Monthly Archives: August 2018

Four parties agree on forming a government in Iraq

Following the elections held on May 12, eyes are now on the probable government to be formed in Iraq.

Before the announcement of the results of the elections, a broad-based coalition agreement had been made between Muqtada al-Sadr’s Sayirun alliance, Haidar al-Abadi’s Nasr list, Shia leader Ammar al-Hakim’s Hikma (National Wisdom Movement) list and Ayad Allawi’s Wataniya list.

It is imperative to construct a 5th International of workers and peoples

by Samir Amin

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For the last thirty years the world system has undergone an extreme centralization of power in all its dimensions, local and international, economic and military, social and cultural.

What’s Left in Nicaragua After Ortega

by Roger Harris

Before the violence that started mid-April, Nicaragua had been the most peaceful, safest, and by far the most progressive country in Central America. Now that a semblance of peace has been restored in Nicaragua, the US government continues its campaign for regime change joined by some who formerly supported Nicaraguan President Daniel Ortega and his Sandinista party. While much has been written for and against Ortega, what might replace him were he to leave is less well fleshed out. Latin Americanist academics Dan La Botz and Benjamin Waddell, both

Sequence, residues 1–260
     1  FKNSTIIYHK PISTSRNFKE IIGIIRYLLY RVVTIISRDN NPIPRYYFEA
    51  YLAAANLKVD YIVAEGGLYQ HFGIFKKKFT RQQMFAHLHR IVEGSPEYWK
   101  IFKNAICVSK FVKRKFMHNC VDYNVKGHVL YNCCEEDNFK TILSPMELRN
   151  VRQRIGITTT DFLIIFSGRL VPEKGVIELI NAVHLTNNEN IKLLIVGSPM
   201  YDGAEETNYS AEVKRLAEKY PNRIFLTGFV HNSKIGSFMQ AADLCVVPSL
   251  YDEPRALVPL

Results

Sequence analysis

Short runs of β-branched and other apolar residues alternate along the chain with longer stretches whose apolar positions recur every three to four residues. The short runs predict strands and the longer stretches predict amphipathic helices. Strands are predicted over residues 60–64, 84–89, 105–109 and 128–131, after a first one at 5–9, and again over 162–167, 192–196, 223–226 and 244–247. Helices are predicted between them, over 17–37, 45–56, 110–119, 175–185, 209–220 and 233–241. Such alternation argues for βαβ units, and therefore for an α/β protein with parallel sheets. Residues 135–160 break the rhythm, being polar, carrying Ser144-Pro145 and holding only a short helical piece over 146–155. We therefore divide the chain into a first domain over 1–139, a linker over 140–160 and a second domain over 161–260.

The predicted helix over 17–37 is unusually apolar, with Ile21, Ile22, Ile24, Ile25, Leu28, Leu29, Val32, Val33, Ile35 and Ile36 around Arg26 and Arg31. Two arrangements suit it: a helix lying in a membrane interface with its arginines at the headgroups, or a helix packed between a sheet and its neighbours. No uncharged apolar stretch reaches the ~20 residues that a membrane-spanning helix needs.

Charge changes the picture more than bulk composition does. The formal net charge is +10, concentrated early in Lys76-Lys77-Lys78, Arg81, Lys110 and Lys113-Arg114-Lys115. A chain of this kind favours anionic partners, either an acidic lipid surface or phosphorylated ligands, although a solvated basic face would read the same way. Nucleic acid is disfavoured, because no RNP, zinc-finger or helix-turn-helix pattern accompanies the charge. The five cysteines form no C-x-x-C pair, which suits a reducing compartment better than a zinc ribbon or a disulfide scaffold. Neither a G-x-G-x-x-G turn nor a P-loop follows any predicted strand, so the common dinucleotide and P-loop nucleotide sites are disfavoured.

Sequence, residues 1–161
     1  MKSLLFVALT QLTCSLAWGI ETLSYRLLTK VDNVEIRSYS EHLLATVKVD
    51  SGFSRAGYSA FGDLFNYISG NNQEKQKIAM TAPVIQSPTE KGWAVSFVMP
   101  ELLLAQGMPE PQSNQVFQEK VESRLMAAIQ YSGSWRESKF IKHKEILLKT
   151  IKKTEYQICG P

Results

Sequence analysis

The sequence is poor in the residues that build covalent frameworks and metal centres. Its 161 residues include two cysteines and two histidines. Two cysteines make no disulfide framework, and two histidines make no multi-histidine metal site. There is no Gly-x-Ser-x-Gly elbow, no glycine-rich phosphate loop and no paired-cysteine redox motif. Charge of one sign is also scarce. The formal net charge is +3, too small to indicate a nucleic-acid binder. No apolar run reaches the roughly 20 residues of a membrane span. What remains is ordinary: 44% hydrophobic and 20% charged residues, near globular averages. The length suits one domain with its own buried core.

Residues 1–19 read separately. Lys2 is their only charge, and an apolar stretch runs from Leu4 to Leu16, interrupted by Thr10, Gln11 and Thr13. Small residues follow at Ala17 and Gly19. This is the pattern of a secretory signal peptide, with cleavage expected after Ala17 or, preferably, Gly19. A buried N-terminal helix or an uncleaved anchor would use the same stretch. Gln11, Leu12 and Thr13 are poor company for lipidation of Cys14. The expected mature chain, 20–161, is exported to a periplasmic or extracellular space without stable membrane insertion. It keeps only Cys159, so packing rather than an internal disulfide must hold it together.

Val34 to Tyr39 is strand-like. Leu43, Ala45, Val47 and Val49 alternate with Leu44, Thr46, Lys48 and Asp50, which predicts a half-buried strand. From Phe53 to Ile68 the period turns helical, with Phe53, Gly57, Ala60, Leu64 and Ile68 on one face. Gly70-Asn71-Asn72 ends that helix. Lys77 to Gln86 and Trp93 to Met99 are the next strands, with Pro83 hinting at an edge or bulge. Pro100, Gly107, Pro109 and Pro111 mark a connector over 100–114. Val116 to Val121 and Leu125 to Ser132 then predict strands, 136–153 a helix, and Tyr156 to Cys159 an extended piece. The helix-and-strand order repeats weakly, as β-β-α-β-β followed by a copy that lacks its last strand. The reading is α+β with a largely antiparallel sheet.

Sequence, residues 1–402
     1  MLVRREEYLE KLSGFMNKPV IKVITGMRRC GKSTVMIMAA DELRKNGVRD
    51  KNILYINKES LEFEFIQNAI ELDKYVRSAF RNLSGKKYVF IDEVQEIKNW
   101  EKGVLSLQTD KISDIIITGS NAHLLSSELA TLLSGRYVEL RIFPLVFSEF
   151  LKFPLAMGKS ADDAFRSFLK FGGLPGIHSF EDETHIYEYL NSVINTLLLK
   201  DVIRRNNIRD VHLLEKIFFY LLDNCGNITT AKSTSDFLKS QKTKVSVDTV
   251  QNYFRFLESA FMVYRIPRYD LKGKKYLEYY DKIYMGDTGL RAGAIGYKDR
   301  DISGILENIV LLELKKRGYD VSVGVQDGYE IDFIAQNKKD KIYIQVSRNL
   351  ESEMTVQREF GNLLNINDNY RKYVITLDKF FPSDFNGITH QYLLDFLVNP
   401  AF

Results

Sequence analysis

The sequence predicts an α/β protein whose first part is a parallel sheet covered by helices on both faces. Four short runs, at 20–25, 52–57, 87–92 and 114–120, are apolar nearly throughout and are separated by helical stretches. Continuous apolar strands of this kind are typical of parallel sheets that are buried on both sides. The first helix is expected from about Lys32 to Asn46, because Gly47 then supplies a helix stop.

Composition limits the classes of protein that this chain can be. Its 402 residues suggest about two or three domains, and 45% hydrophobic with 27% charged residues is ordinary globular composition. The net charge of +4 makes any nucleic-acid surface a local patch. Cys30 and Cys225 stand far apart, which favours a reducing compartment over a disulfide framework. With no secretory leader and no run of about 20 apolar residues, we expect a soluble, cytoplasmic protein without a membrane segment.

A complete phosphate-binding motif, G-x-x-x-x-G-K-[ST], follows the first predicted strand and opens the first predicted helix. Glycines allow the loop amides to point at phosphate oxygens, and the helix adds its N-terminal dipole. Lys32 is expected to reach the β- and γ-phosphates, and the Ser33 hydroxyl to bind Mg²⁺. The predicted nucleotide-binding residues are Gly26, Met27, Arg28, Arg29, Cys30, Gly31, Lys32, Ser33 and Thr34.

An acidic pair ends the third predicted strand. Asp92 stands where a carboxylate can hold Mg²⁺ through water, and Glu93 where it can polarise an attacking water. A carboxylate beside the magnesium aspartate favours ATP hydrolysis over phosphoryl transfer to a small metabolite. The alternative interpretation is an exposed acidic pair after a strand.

with extensive experience in and knowledge of Nicaragua, give us some insights into what might be expected were the opposition to take over.

India | Nowhere to run – The worst refugee crisis since the second world war

Sushovan Dhar

Warsan Shire, a 24 year old Kenyan-born Somali poet, writer and educator based in London, in her debut book, Teaching My Mother How to Give Birth (2011) observes, “No one leaves home unless home is the mouth of a shark.” Three years back, the photographs of Aylan Kurdi sent us shock-waves. The images of that three year old Syrian boy lying face down on a Turkish beach drew global attention towards the severe problems of refugees and migration.

Greece | Greece still under the yoke of its illegitimate debt

by Anouk Renaud

On Friday 22 June 2018, after night-long negotiations, the Eurogroup (meeting of the finance ministers of the eurozone, along with representatives of the IMF and the ECB) announced with great fanfare / pomp and circumstances, a new agreement concerning Greece. It is supposed to be a “historic” agreement that would sound the death knell of the Greek crisis. [1] Now all the media are saying that Greece “is turning a page,” that “the Greek people can smile again,” that it marks “the end of the Greek crisis,” and that “Greece had settled its debt problem.” [2]